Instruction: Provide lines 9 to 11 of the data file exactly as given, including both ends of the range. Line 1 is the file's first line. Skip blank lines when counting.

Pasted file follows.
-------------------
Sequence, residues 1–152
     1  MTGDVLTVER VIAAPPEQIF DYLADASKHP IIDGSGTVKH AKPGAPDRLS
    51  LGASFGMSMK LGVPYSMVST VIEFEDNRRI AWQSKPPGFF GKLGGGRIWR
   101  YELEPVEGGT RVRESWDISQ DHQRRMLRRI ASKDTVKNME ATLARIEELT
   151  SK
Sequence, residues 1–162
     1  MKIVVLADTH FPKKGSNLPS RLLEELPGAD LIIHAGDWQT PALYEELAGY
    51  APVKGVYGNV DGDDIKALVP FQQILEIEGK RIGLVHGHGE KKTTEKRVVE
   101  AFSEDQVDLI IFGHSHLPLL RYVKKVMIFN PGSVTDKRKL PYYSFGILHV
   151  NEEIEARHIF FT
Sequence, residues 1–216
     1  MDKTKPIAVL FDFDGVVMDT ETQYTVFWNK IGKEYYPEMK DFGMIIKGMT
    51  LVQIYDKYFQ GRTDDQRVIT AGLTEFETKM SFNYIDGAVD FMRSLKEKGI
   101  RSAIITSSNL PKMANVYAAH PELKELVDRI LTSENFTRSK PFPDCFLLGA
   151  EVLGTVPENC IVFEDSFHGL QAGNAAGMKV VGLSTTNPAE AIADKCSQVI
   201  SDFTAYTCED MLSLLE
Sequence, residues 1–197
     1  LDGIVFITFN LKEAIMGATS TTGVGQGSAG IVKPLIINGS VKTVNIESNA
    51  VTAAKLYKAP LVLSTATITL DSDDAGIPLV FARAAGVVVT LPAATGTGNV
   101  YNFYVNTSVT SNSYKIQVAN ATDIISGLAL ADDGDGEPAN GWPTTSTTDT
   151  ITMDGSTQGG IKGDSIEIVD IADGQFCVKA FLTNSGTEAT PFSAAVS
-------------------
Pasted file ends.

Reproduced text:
   101  AFSEDQVDLI IFGHSHLPLL RYVKKVMIFN PGSVTDKRKL PYYSFGILHV
   151  NEEIEARHIF FT
Sequence, residues 1–216